BEIRUT: The Lebanese army has ‘redeployed’ soldiers away from several regions, notably Beirut’s southern suburbs, with its command saying in a statement that the redeployment is intended “to reduce the economic burdens on the army.”
The military has been struggling due to Lebanon’s economic meltdown. In his notorious speech in March, Joseph Aoun, commander of the Lebanese Army, said: “Soldiers are struggling like other people; a soldier’s salary has lost its value and soldiers are going hungry like others.”
Aoun, who is currently visiting Turkey, met with his Turkish counterpart and other officials on Friday and requested logistical support, including equipment and machinery.
He will also visit Washington at the end of September to ask for direct American aid and promises of military assistance for the Lebanese army.
In recent months, some soldiers have deserted as the depreciation of the Lebanese pound has seen the relative value of their salaries plummet to the equivalent of $60 per month. Army command claims the number of deserters is “limited.”
Residents of the Lebanese capital’s southern suburbs were surprised when the army withdrew its forces from checkpoints in the area. Soldiers have been deployed there since 2013, when the suburbs were targeted by bombings that were blamed on Daesh, and seen as connected to the war in Syria and Hezbollah’s interference in the interests of Syrian President Bashar Assad’s regime.
Lebanese army command stressed on Friday that its troops would “continue to set up observation points in all areas, work on patrols, and carry out security missions.”
Meanwhile, dozens of families of victims of the August 2020 explosion in Beirut Port gathered in the capital to protest against the political pressure being placed on Judge Tarek Bitar, who is leading the investigation into the blast.
Bitar was recently threatened by Hezbollah and, on Friday, the attorney representing Nohad Machnouk, the former interior minister who is accused in the case, filed a request to dismiss Bitar from the investigation.
If Bitar were to be dismissed from the case, he would be the second judge to have been removed from the investigation. Like his predecessor, Judge Fadi Sawan, Bitar has issued a subpoena for a former prime minister, ministers and security officials in connection with the explosion..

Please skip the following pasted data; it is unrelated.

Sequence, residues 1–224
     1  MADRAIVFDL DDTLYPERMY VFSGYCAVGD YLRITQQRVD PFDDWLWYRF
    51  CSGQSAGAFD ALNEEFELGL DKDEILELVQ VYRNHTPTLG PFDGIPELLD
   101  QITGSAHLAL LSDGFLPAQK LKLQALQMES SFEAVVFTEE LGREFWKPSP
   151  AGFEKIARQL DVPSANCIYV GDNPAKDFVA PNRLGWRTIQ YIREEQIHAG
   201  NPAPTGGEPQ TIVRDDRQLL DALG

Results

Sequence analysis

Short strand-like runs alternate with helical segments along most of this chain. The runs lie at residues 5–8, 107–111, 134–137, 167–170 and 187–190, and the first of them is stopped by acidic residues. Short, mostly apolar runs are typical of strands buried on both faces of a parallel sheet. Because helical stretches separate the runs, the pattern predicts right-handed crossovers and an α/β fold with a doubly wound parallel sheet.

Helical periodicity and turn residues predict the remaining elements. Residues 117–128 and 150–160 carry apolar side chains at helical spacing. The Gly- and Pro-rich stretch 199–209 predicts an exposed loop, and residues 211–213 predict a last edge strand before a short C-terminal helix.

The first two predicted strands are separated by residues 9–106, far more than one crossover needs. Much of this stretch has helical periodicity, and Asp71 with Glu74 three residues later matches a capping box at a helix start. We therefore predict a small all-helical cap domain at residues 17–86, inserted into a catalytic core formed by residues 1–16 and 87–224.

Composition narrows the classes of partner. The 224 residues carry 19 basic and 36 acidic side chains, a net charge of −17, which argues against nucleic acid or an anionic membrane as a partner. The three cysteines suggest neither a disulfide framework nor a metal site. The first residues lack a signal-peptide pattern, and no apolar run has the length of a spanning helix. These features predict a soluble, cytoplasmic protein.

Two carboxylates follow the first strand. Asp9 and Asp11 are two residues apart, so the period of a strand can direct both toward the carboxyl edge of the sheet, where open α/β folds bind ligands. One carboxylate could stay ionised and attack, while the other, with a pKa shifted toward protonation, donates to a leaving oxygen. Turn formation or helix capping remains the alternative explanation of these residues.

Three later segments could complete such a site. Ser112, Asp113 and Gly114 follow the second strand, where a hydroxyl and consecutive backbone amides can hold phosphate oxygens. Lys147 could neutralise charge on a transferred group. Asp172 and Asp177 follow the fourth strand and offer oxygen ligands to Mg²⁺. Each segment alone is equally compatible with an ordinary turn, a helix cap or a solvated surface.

Machnouk visited Dar Al-Fatwa — Lebanon’s highest Sunni authority — and gave a speech there in which he claimed that Bitar “takes his orders from” Salim Jreissati, a member of the Free Patriotic Movement led by Gebran Bassil and an advisor to Lebanese President Michael Aoun, Bassil’s father-in-law.
Machnouk warned against summoning former Prime Minister Hassan Diab — also accused in the case — based on a subpoena Bitar issued after Diab failed to show up for questioning. He said Bitar is implementing “a political agenda, away from the constitution, law and logic.”
Hezbollah leader Hassan Nasrallah has also previously accused Bitar of being “politicized.”
Former minister Youssef Fenianos — another accused in the case — has requested that the file be transferred from Bitar to another judge.
The campaign against Bitar intensified on Friday. Jaafarite Mufti Sheikh Ahmad Qabalan said in his Friday sermon: “It is not allowed to play with fire. What happened in the investigation … increases strong doubts about fabrication as well as (demands for) the dismissal of Judge Bitar, as the country is teeming with corruption.”
After his meeting with the president on Friday, Maronite Patriarch Bechara Boutros Al-Rahi said: “Sects should not deal with justice; we are a country that separates between religion and state.”